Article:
Asia Economic Institute et al v. Xcentric Ventures LLC et al

Filing 170

OPPOSITION to MOTION to Strike First Amended Complaint Amended Complaint, 100 153 filed by Plaintiffs Asia Economic Institute, Iliana Llaneras, Raymond Mobrez. (Attachments: # 1 Exhibit 1 (September 23, 2010 email), # 2 Exhibit 2 (September 24, 2010 email))(Borodkin, Lisa)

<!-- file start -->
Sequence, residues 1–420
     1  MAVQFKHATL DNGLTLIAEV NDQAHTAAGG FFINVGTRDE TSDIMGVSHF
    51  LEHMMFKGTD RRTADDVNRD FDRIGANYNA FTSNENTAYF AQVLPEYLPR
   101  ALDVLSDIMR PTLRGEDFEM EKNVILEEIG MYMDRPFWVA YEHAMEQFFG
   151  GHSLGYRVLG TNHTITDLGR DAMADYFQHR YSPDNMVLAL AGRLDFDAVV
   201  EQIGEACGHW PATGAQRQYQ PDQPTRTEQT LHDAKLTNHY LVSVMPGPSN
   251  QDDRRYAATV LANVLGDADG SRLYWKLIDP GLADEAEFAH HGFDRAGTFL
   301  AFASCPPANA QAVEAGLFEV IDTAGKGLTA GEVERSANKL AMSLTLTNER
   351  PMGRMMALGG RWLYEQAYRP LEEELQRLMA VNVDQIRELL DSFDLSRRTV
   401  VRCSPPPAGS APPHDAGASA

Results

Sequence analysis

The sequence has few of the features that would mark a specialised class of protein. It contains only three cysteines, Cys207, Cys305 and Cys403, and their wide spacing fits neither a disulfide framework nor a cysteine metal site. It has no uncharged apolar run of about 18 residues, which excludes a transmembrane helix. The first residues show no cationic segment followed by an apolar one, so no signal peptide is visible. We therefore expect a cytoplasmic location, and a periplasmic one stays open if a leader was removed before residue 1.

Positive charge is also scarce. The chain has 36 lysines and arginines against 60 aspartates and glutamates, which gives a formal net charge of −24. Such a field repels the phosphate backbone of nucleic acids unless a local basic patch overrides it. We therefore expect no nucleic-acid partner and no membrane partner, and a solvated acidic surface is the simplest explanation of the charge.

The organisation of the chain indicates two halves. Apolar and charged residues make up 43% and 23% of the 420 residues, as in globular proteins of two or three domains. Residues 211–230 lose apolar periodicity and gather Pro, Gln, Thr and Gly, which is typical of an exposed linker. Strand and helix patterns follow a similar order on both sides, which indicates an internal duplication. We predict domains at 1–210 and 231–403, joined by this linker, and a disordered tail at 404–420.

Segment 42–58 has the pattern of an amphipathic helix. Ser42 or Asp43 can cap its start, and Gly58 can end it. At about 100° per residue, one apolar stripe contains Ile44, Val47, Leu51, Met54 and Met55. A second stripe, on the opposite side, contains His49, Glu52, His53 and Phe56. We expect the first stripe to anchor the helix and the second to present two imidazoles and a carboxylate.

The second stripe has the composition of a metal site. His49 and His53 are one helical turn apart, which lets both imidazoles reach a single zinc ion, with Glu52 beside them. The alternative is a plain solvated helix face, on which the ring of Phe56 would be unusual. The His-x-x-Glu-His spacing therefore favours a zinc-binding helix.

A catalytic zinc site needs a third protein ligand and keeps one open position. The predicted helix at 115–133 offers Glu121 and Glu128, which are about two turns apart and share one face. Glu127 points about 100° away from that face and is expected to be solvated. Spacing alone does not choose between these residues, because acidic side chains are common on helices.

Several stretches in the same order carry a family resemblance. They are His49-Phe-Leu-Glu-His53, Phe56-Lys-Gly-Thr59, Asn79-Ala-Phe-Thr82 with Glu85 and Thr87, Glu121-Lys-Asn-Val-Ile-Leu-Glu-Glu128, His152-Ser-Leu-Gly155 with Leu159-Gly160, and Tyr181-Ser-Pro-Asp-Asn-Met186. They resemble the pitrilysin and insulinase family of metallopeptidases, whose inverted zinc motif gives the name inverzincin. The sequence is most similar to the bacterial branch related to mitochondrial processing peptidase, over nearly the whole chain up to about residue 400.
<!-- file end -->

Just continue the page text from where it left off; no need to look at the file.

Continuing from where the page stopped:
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Asia Economic Institute et al v. Xcentric Ventures LLC et al Doc. 170 1 2 3 4 5 6 7 8 9 10 11 12 13 14 15 16 17 18 19 20 21 22 23 24 25 26 27 28 DANIEL F. BLACKERT, ESQ., CSB No. 255021 LISA J. BORODKIN, ESQ. CSB No. 255021 Asia Economic Institute 11766 Wilshire Blvd., Suite 260 Los Angeles, CA 90025 Telephone (310) 806-3000 Facsimile (310) 826-4448 Daniel@asiaecon.org Blackertesq@yahoo.com Attorney for Plaintiffs, Asia Economic Institute, Raymond Mobrez, and Iliana Llaneras UNITED STATES DISTRICT COURT CENTRAL DISTRICT OF CALIFORNIA ASIA ECONOMIC INSTITUTE, a California LLC; RAYMOND MOBREZ an individual; and ILIANA LLANERAS, an individual, Plaintiffs, vs. XCENTRIC VENTURES, LLC, an Arizona LLC, d/b/a as BADBUSINESS BUREAU and/or BADBUSINESSBUREAU.COM and/or RIP OFF REPORT and/or RIPOFFREPORT.COM; BAD BUSINESS BUREAU, LLC, organized and existing under the laws of St. Kitts/Nevis, West Indies; EDWARD MAGEDSON an individual, and DOES 1 through 100, inclusive, Defendants. ) ) ) ) ) ) ) ) ) ) Case No.: 2:10-cv-01360-SVW-PJW PLAINTIFFS' OPPOSITION TO SPECIAL MOTION TO STRIKE Hearing Date: Noveber 1, 2010 Time: 1:30 PM Courtroom: 6 (Hon. Stephen Wilson) OPPOSITION TO SPECIAL MOTION TO STRIKE -1 Dockets.Justia.com 1 2 3 4 5 6 7 8 9 10 11 12 13 14 15 16 17 18 19 20 21 22 23 24 25 26 27 28 I. INTRODUCTION Defendants' Special Motion to Strike under the Anti-SLAPP law seeks to strike the claims for deceit, fraud and unfair competition as requested in this Special Motion to Strike. Moving Brief at 3. However, it completely mischaracterizes Plaintiffs' case. This case does not seek to chill Defendants from exercising their First Amendment rights. Plaintiffs fully agree with Defendants that there is a First Amendment right to petition. In fact, Plaintiffs asserted the First Amendment right to petition in the First Amended Complaint, but Defendants did not agree. Part of Defendants' inconsistent tag-teaming of Plaintiffs was actually to file, the same day as they filed this Special Motion to Strike, a Rule 11 motion bizarrely claiming that "Plaintiffs are aware that there is no such thing as a "First Amendment right to petition." See Motion for Sanctions [DN-157] at p. 37, item 242/228. Defendants thrive on creating such "Catch-22s" for their victims and adversaries. Plaintiffs are not trying to chill or censor anyone's speech. They seek to exercise whatever remedies they may have under the law that will rehabilitate their reputations and their businesses caused by Defendants' misrepresentations and half-truths. If this means Defendants redacting Plaintiffs' names (as they have admitted they do) not "taking down" Reports, or providing honest disclosures that they sell redactions and change meta tags for money, or are held liable for their conduct in writing computer code, HTML titles and meta tags, then Plaintiffs will have the relief they seek. Moreover, Plaintiffs can demonstrate a likelihood of success on the merits. Plaintiffs have come forth with evidence that Defendants have taken down reports as part of a monetary agreement, and Defendants fully admit, repeatedly, in their papers and elsewhere, that they redact people's names out of Ripoff Reports, which is tantamount to taking down Ripoff Reports. Yet they frighten people like Plaintiffs into thinking there is no such option. Defendants also strenuously oppose OPPOSITION TO SPECIAL MOTION TO STRIKE -2 1 2 3 4 5 6 7 8 9 10 11 12 13 14 15 16 17 18 19 20 21 22 23 24 25 26 27 28 anyone who seeks ot bring to light the fact that they will change the HTML coding and meta tags for Ripoff Reports, sometimes for money, which has the power to put Google search results about Ripoff Reports in a completely favorable, as opposed to negative light. Defendant also add disclaimers such as "This Report is Not about Google" to complaints about Google to stay in Google's good graces What this motion does show, however, is that Defendants are not "immune" under this Communications Decency Act for this lawsuit. By bringing this motion, Defendants admit that Plaintiffs are seeking to hold Defendants liable for only their own conduct, and not to impose vicarious liability on Defendants for third-party speech. If this case were only about third-party speech, then Defendants would have no standing to bring this motion. This motion should be denied. II. LEGAL ARGUMENT Defendants' anti-SLAPP Motion is based on three narrow grounds: (1) threats made in purported settlement discussions; (2) claims that Defendants mislead the public by claiming that they have never removed Ripoff Reports for money; and (3) the discussion of legal issues on the portion of Defendants' website entitled "Want to Sue Ripoff Report?" For the reasons below, the first and third grounds are moot, and Plaintiffs can demonstrate a probability of success on the merits on the second. California Code of Civil Procedure 425.16 requires California courts to evaluate a defendant's motion under the anti-strategic lawsuit against public participation statute (Anti-SLAPP) in two steps. Hilton v. Hallmark Cards, 580 F.3d 874, 882 (9th Cir. 2009). First, Defendants must make a threshold showing that the speech at issue were taken in furtherance of the Defendant's right of petition or free speech under the United States or California Constitution in connection with a public issue, as defined in Cal. Code Civ. Proc. 425.16(e). Kronemyer v. Internet Movie Data Base, Inc., 150 Cal. App. 4th 941 (Cal. App. 2d OPPOSITION TO SPECIAL MOTION TO STRIKE -3 1 2 3 4 5 6 7 8 9 10 11 12 13 14 15 16 17 18 19 20 21 22 23 24 25 26 27 28 Dist. 2007). Only if defendants make this initial showing does the burden then shift to plaintiffs to demonstrate a probability of prevailing on the claim. A. Threats Made By Defendants' Counsel Are Not Part of the First Amended Complaint, and this Anti-SLAPP Motion on that Ground is Moot. Defendants' claim that the First Amended Complaint is strategic litigation against Defendants' threats made on July 20, 2010 defies logic. There are no allegations of those threats in the First Amended Complaint. Plaintiffs expressly refrained from including allegations of those threats in the First Amended Complaint, because this Court had already granted summary judgment dismissing the RICO claims predicated on extortion in the July 19, 2010 Order. The threats were included as a ground on Plaintiffs' Motion for Reconsideration of that Order, based on the theory that the threats were additional and renewed acts of extortion that supported the racketeering pattern, but this Court denied that motion also on September 20, 2010. Therefore, Defendants' threats are not part of the pleadings, and do not justify striking any pleading. Even though there is no claim in the pleadings based on the threats of July 20, 2010, even if they were, they would not justify a Special Motion to Strike for several reasons. First, threats are not protected conduct and are not barred from discovery or disclosure under Federal Rule of Evidence 408. There is no federal settlement privilege from discovery, and Plaintiffs have no obligation to keep the threats confidential where they may lead to discoverable matter: "Rule 408 is . . . inapplicable when the claim is based upon some wrong that was committed in the course of the settlement discussions; e.g., libel, assault, breach of contract, unfair labor practice, and the like. . . . Rule 408 does not prevent the plaintiff from proving his case; wrongful acts are not shielded because they took place during compromise negotiations." 23 CHARLES ALAN WRIGHT & KENNETH W. GRAHAM, JR., FEDERAL PRACTICE AND PROCEDURE: EVIDENCE 5314 (1st ed. 1980), cited in Uforma/Shelby Bus. Forms v. NLRB, 111 F.3d 1284, 1293 (6th Cir. 1997) OPPOSITION TO SPECIAL MOTION TO STRIKE -4 1 2 3 4 5 6 7 8 9 10 11 12 13 14 15 16 17 18 19 20 21 22 23 24 25 26 27 28 (emphasis added); United States v. ASCAP, 1996 U.S. Dist. LEXIS 4159 (S.D.N.Y. Apr. 2, 1996) ("We start by noting that Rule 408 is not, by definition, the source of a privilege); Bd. of Trs. v. Tyco Int'l. Ltd., 253 F.R.D. 521, 523 (C.D. Cal. 2008). In particular, Rule 408 does not bar threats to retaliate. See Vulcan Hart Corp. (St. Louis Div.) v. NLRB, 718 F.2d 269, 277 (8th Cir. 1983)(Rule 408 did not bar evidence of demand during negotiations to settle grievance that employee resign his union office when General Counsel did not seek to prove validity of grievance); Jennmar Corp. of Utah, Inc., 301 N.L.R.B. 623, 631 n.6 (1991); Michigan Precision Indus., Inc., 223 N.L.R.B. 892, 893 (1976; Uforma/Shelby Bus. Forms v. NLRB, 111 F.3d 1284, 1294 (6th Cir. 1997); Phoenix Solutions, 254 F.R.D. 568, 584 (N.D. Cal. 2008). In Phoenix Solutions, Inc. v. Wells Fargo Bank, N.A., the Court stated: "Notably, the 2006 amendment to Rule 408 was made with the intent to retain the extensive case law finding the rule inapplicable when compromise evidence is offered for a purpose other than to prove the validity, invalidity, or amount of a disputed claim. See Fed. R. Evid. 408, advisory committee's note, citing, e.g., Coakley & Williams v. Structural Concrete Equip., 973 F.2d 349 (4th Cir. 1992) (evidence of settlement is not precluded by Rule 408 where offered to prove a party's intent with respect to the scope of a release); Athey v. Farmers Ins. Exchange, 234 F.3d 357 (8th Cir. 2000) (admitting evidence of settlement offer by insurer to prove insurer's bad faith); Uforma/Shelby Bus. Forms, Inc. v. NLRB, 111 F.3d 1284 (6th Cir. 1997) (threats made in settlement negotiations were admissible; Rule 408 is inapplicable when the claim is based upon a wrong that is committed during the course of settlement negotiations)." Phoenix Solutions, 254 F.R.D. 568, 584 (N.D. Cal. 2008). Second, Plaintiffs contend that the July 20, 2010 discussions were not a Court-ordered settlement conference and in fact covered a range of topics, including a detailed pre-filing meet-and-confer discussion on the frank merits of the case and motions that were contemplated. OPPOSITION TO SPECIAL MOTION TO STRIKE -5 1 2 3 4 5 6 7 8 9 10 11 12 13 14 15 16 17 18 19 20 21 22 23 24 25 26 27 28 Third, Defendants had no reasonable expectation of privacy in the kind of threats that were made on July 20, 2010. Defendants previously waived the right to claim any expectation of privacy in the type of proposal presented on July 20, 2010. Again, the matter was previously introduced to reconsider the claim of extortion this time in the guise of a "settlement offer" but the gist of it was the same as the proposal in the letter Defendants previously filed with the Court as Exhibit C to the June 24, 2010 Reply Declaration of David Gingras on Defendants' first motion for summary judgment. Defendants' May 11, 2010 settlement demand very clearly spelled out the similar offer made to Plaintiffs, along with another round number of payment -- $25,000. [DN-77, Ex. C]. At that time, Defendants offered the May 11, 2010 letter to show some wrongdoing by Plaintiffs' attorneys. Thus, Defendants cannot in good conscience claim any expectation of privacy on virtually the identical demand, but with bigger numbers. Fourth, any purported agreement to remain hush about Defendant's threats is void as contrary to public policy and entirely unenforceable under California Civil Code Section 1668. Although Plaintiffs, again, are not seeking to hold Defendants' liable for the threats in the First Amended Complaint, Defendants offered along with those threats a release from suing Plaintiffs' counsel in a separate, future action in retaliation based on future, unripe claims. See DN-127 at 17-18. These releases of such future tort claims themselves would also be void under California Civil Code 1668 as contrary to public policy. See McQuirk v. Donnelley, 189 F.3d 793, 797-98 (9th Cir. 1999) (Cal. Civ. Code 1668 explicitly renders invalid contracts that release liability for "willful injury to the person or property of another" and "contractual releases of future liability for intentional wrongs"). Moreover, the alleged agreement to keep the discussions confidential violates California's Statute of Frauds, California Civil Code Section 1624(a)(1), and Arizona's Statute of Frauds, Revised Statutes Annotated 44-101.5, because it cannot be performed within one year. Without proof in writing signed by a party OPPOSITION TO SPECIAL MOTION TO STRIKE -6 1 2 3 4 5 6 7 8 9 10 11 12 13 14 15 16 17 18 19 20 21 22 23 24 25 26 27 28 against which it is to be enforced, such an agreement does not satisfy the Statute of Frauds. Therefore, the threats made by Defendants' counsel is not the subject of this action, and this Special Motion to Strike should not be granted on that ground. B. Plaintiffs Can Demonstrate a Likelihood of Success on the Merits on the The second ground on which Defendants' motion is based is allegations that Defendants lead subjects of Ripoff Reports (sometimes, "Reports") to believe that Defendants never take down Reports for money. Plaintiffs can and will demonstrate a likelihood of success on the merits of that claim. First, that claim is demonstrably factually false, as described in the Declaration of Kent Hutcherson filed as Exhibit 12 to the First Amended Complaint. [DN-96-12] Second, Defendants admit that they redact names from reports See Declaration of Daniel Blackert, Exs. 6 & 7 [DN-125-6, DN-125-7] and change the HTML coding and meta tags of Reports for money. See Second Questionnaire, August 16, 2010 Declaration of Lisa Borodkin 3, Ex. 1 [DN-1211]. Thus, Defendants do things that eliminate the harm from Reports, they just do them in ways that Defendants contend still allows them to claim, literally, that they do not "take down reports." Second, this contention only proves, as a matter of logic, why the Communication Decency Act does not provide "immunity" to Defendants on this theory. Defendants claim, in this very motion, that Plaintiffs are seeking to hold them liable for their speech. But it is not for the purpose of chilling Defendants' speech. It is for the purpose of recovering from damage caused by Defendants' lies and half-truths. Plaintiffs would be willing to resolve this case if Defendants redacted their names from the Reports or changed the HTML coding and meta tags so that harmful statements about them were not prominently displayed on Google search results. But Defendants will not do so unless they are paid money. Defendants frivolously argue that because the removal of the Report in OPPOSITION TO SPECIAL MOTION TO STRIKE -7 Claims That Defendants Falsely State they Have Never Removed Reports. 1 2 3 4 5 6 7 8 9 10 11 12 13 14 15 16 17 18 19 20 21 22 23 24 25 26 27 28 question was related to settlement of a litigation in Xcentric Ventures, LLC v. QED Media Group, LLC, the statement that "reports never come down" is protected by the anti-SLAPP. Defendants argue, "the QED Media case involved Defendants' right of petition, and to the extent Plaintiffs are alleging any misconduct arising from that activity, their claims are within the scope of the anti-SLAPP law, citing Kolar v. Donahue, McIntosh & Hammerton, 145 Cal.App.4th 1532, 1537, 52 Cal.Rptr.3d 712 (2006). Forst, the Court in Kolar denied the anti-SLAPP motion. Nothing in Kolar holds that acts in performance of a settlement agreement is related to protected petitioning activity. Moreover, the claim in Kolar was an attorney malpractice suit, which the Court expressly held was not related to the underlying case for purposes of the anti-SLAPP law. The claim here is Defendants falsely state on their website that they never remove Reports, when in fact Reports were removed as part of the settlement in QED Media. See August 16, 2010 Declaration of Lisa Borodkin at 3 & Ex. 1, 5 & Ex. 3, FAC 175 & Ex. 8 [DN-96-8]. The statements are on Defendants' website, and were not made in connection with the actual litigation. It defies logic to say that Plaintiffs' allegation regarding the removal of reports that happened after the litigation was concluded is in any way to chill the right of petition that Defendants already exercised. Therefore, this motion should be denied on that ground as well. Defendants also misconstrues the nature of Plaintiffs' claim. Plaintiffs unfair business practices claim (made pursuant to Cal. Bus. & Prof. Code 17200) is based, among other things, on Defendants' optimizing and custom-writing computer code so that it changes negative search results to positive results in Google search results. See Declaration of Joe Reed [DN-96-25] at 16-23, Exs. C & D. Many courts have held that speech involving illegal activity cannot receive First Amendment protection. See Flatley v. Mauro, 39 Cal.4th 299, 317 (Cal. OPPOSITION TO SPECIAL MOTION TO STRIKE -8 1 2 3 4 5 6 7 8 9 10 11 12 13 14 15 16 17 18 19 20 21 22 23 24 25 26 27 28 2006)("Section 425.16 cannot by invoked by a defendant whose asserted protected activity is illegal."). Defendants' Special Motion to Strike also claims Defendants are "immune" from liability pursuant to 47 U.S.C. 230(c), otherwise known as the Communications Decency Act ("CDA"). Moving Brief at 8. Section 230 of the Communications Decency Act specifies that "no provider or user of an interactive computer service shall be treated as the publisher or speaker of any information provided by another information content provider."47 U.S.C. 230(c). There is no such "immunity" under the CDA. See City of Chicago, Illinois v. StubHub, 2010 U.S. App. LEXIS 20017 (7th Cir. Sept. 29, 2010) at *7. That case states: "As earlier decisions in this circuit establish, subsection (c)(1) [of the CDA] does not create any `immunity' of any kind. See Doe v. GTE Corp., 347 F.3d 655, 660 (7th Cir. 2003); Chicago Lawyers' Committee for Civil Rights Under Law, Inc v. Craigslist, Inc., 519 F.3d 666, 669-71 (7th Cir. 2008)." Id. at *7-*8. Any such exclusion from liability applies only if the "interactive service provider" is not also an "information content provider." An information content provider is described as one who is "responsible, in whole or in part, for the creation or development of" the offensive content. As the Ninth Circuit in Fair Housing Council of San Fernando Valley v. Roommates.com, LLC notes, "a website operator can be both a service provider and a content provider" if it "creates itself, or is `responsible, in whole or in part' for creating or developing" the content at issue. 521 F.3d 1157 (9th Cir. 2007) (citing 47 U.S.C. 230(f)(3)). "[T]he party responsible for putting information online may be subject to liability, even if the information originated with the user." Id. at 1165. Defendants are both "interactive service providers" and "information content providers." In MCW, Inc. v. Badbusinessbuereau.com,L.L.C., 2004 U.S. Dist. LEXIS 6678 (N.D. Tex. Apr. 19, 2004), the Court held that website operators OPPOSITION TO SPECIAL MOTION TO STRIKE -9 1 2 3 4 5 6 7 8 9 10 11 12 13 14 15 16 17 18 19 20 21 22 23 24 25 26 27 28 satisfied the definition of information content provider concerning disputed consumer complaints posted on the website. Id at 31-36. "The defendants cannot disclaim responsibility for disparaging material that they actively solicit." Id. at 34. The court in MCW, Inc. found that the web site operators were "information content providers" because they were responsible, in whole or in part, for the creation or development of third party defamatory messages created by the web site users. Id. At 33-36. The court reasoned that: [t]he defendants cannot disclaim responsibility for disparaging material that they actively solicit. Furthermore, actively encouraging and instructing a consumer to gather specific detailed information is an activity that goes substantially beyond the traditional publisher's editorial role. The defendants are clearly doing more than making minor alterations to a consumer's message. They are participating in the process of developing information. Therefore, the defendants have not only incurred responsibility for the information developed and created by consumers, but have also gone beyond the publisher's role and developed some of the defamatory information posted on the websites. Id. at 34-35 In reaching its conclusion, the court explained that an interactive computer service provider is transformed into an information content provider when it creates or develops content provided by third parties: [t]he CDA requires courts to consider whether a party is responsible, in whole or in part, for the creation or development of information. . . . Being responsible for the creation or development of the information is sufficient. This distinction is significant because a party may be responsible for information created or developed by a third party without actually creating or developing the information itself. Additionally, FTC v. Accusearch, Inc., 2007 U.S. Dist. Lexis 74905 (D.Wyo. Sept 28, 2007), the court applied similar logic. It held that a website that solicited the purchase of telephone records participated in the creation or development of the information, despite the fact that the phone records themselves were created by third-parties. Therefore, they were denied immunity under the CDA for alleged unfair trade practices. Id. OPPOSITION TO SPECIAL MOTION TO STRIKE - 10 1 2 3 4 5 6 7 8 9 10 11 12 13 14 15 16 17 18 19 20 21 22 23 24 25 26 27 28 C. Plaintiffs Have Offered to Withdraw the Allegations Regarding Defendants' Statements on the "Want to Sue Ripoff Report?" Page, and this Anti-SLAPP Motion on that Ground is Moot. The third ground on which Defendants' Special Motion to Strike is based is Defendants' statements on the portion of their website that says, "Want to Sue Ripoff Report?" Again, this demonstrates that Plaintiffs generally seek to hold Defendants liable for only their own conduct. However, this ground is also moot because Plaintiffs offered to strike those allegations from the pleadings by offering and requesting Defendants to stipulate to a Second Amended complaint that eliminated all the allegations supporting this third basis for the anti-SLAPP motion. Defendants refused, and in fact, opposed the motion to so amend the pleadings. Plaintiffs are still willing to withdraw those allegations, because this case is really about what Defendants do, not what third parties say. In short, Plaintiffs are not using litigation to punish Defendants for their First Amendment rights, and are not seeking to hold Defendants liable for third-party speech, but are seeking to hold the proper parties accountable for their own conduct. Defendants ascribe nefarious motives to Plaintiffs in making them parties to this action, but that is Defendants' own doing. When other victims, such as David and Lisa Blockowicz, have sued the person who write the Reports about them for defamation and have not named Defendants as parties, as in the Blockowicz v. Williams matter, Defendants will not obey any Court order to take down the material. They claim that unless they are parties with notice and right to be heard, they are not bound by any such order. In essence, Defendants have argued to the Courts that plaintiffs should and must name them as parties if they wanted Defendants to be bound by any Court order requiring them to take down content. Defendants claimed at oral argument to the Seventh Circuit Court of Appeals on September 23, 2010 that "we have complied with Court orders against our client." See Declaration of Lisa J. Borodkin ("Borodkin Dec.") at Exhibit 1. OPPOSITION TO SPECIAL MOTION TO STRIKE - 11 1 2 3 4 5 6 7 8 9 10 11 12 13 14 15 16 17 18 19 20 21 22 23 24 25 26 27 28 When Plaintiffs asked what kind of a court order Defendants would comply with, Defendants filed this motion. Borodkin Dec. Ex. 2. Merely asking Defendants what their position is in order to further a non-judicial resolution is not calculated to silence them. This motion should be denied on the third ground as well. III. CONCLUSION For the foregoing reasons, Plaintiffs respectfully request that this Court deny Defendants' Special Motion to Strike in its entirety. DATED: October 13, 2010 Asia Economic Institute /s/ Lisa J. Borodkin DANIEL F. BLACKERT LISA J. BORODKIN Attorneys for Plaintiffs OPPOSITION TO SPECIAL MOTION TO STRIKE - 12 1 2 3 4 5 6 7 8 9 10 11 12 13 14 15 16 17 18 19 20 21 22 23 24 25 26 27 28 DECLARATION OF LISA J. BORODKIN I, Lisa J. Borodkin, declare: 1. I am an attorney at law, duly admitted to practice before all the courts of the State of California and this Honorable Court. I am co-counsel of record for Plaintiffs Asia Economic Institute LLC, Raymond Mobrez and Iliana Llaneras ("Plaintiffs") in this action. I have first-hand, personal knowledge of the facts set forth below and, if called as a witness, I could and would testify competently thereto. 2. Attached hereto as Exhibit "1" is a true and correct copy of an email message dated September 23, 2010 confirming the pre-filing meet and confer discussion on Plaintiffs' contemplated motion under Rule 56(f) to take discovery. 3. Among other subjects, I sought clarity from Defendants on what type of order they would comply with to take Reports down and whether their position was that they should be named as parties in cases seeking redress for defamation for Ripoff Reports. On September 23, 2010, I had retrieved and listened to the oral argument in the appeal in Blockowicz v. Williams, 10-1167 (7th Cir. Sept. 23, 2010) through PACER on the website of the Seventh Circuit at the following link: http://www.ca7.uscourts.gov/fdocs/docs.fwx 4. I sought clarity from Defendants' attorneys on the following statement made in the oral argument on September 23, 2010 in the appeal to the Seventh Circuit in Blockowicz v. Williams, 10-1167 (7th Cir. Sept. 23, 2010): "The Court: And you flout all of these Court orders, I take it? For the 30 orders you're talking about, you have refused to comply with. Ms. Speth: Your Honor, we have complied with Court orders against our client. We have not complied with Court orders in cases in which we are not OPPOSITION TO SPECIAL MOTION TO STRIKE - 13 1 2 3 4 5 6 7 8 9 10 11 12 13 14 15 16 17 18 19 20 21 22 23 24 25 26 27 28 a party. We're not a defendant, had no opportunity to be heard, and were [sic] not applicable to us because we're not aiding and abetting the actual author of the report." 5. Defendants did not clarify what they were referring to when they argued to the Court that they "have complied with Court orders against our client." Rather, Defendants stated their intention to file this anti-SLAPP motion as a consequence of Plaintiffs' efforts to achieve clarity. A true and correct copy of the September 24, 2010 email is attached hereto as Exhibit "2." I declare under penalty of perjury under the laws of the State of California and the United States of America that the foregoing is true and correct. Executed this 13th day of October, 2010, in Los Angeles, California. /s/ Lisa J. Borodkin Lisa J. Borodkin OPPOSITION TO SPECIAL MOTION TO STRIKE - 14